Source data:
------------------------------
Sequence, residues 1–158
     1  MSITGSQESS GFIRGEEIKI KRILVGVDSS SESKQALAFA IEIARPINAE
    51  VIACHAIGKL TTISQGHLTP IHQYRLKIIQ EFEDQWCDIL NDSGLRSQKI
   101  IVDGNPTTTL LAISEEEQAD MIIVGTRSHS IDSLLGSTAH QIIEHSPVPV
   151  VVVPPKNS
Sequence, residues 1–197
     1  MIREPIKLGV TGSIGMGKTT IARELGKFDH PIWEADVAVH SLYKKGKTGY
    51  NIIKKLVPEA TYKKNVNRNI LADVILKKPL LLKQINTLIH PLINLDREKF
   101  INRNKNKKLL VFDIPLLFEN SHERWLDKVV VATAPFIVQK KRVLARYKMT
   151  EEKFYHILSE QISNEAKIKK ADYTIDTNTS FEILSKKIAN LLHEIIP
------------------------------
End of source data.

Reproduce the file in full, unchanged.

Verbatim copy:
Sequence, residues 1–158
     1  MSITGSQESS GFIRGEEIKI KRILVGVDSS SESKQALAFA IEIARPINAE
    51  VIACHAIGKL TTISQGHLTP IHQYRLKIIQ EFEDQWCDIL NDSGLRSQKI
   101  IVDGNPTTTL LAISEEEQAD MIIVGTRSHS IDSLLGSTAH QIIEHSPVPV
   151  VVVPPKNS
Sequence, residues 1–197
     1  MIREPIKLGV TGSIGMGKTT IARELGKFDH PIWEADVAVH SLYKKGKTGY
    51  NIIKKLVPEA TYKKNVNRNI LADVILKKPL LLKQINTLIH PLINLDREKF
   101  INRNKNKKLL VFDIPLLFEN SHERWLDKVV VATAPFIVQK KRVLARYKMT
   151  EEKFYHILSE QISNEAKIKK ADYTIDTNTS FEILSKKIAN LLHEIIP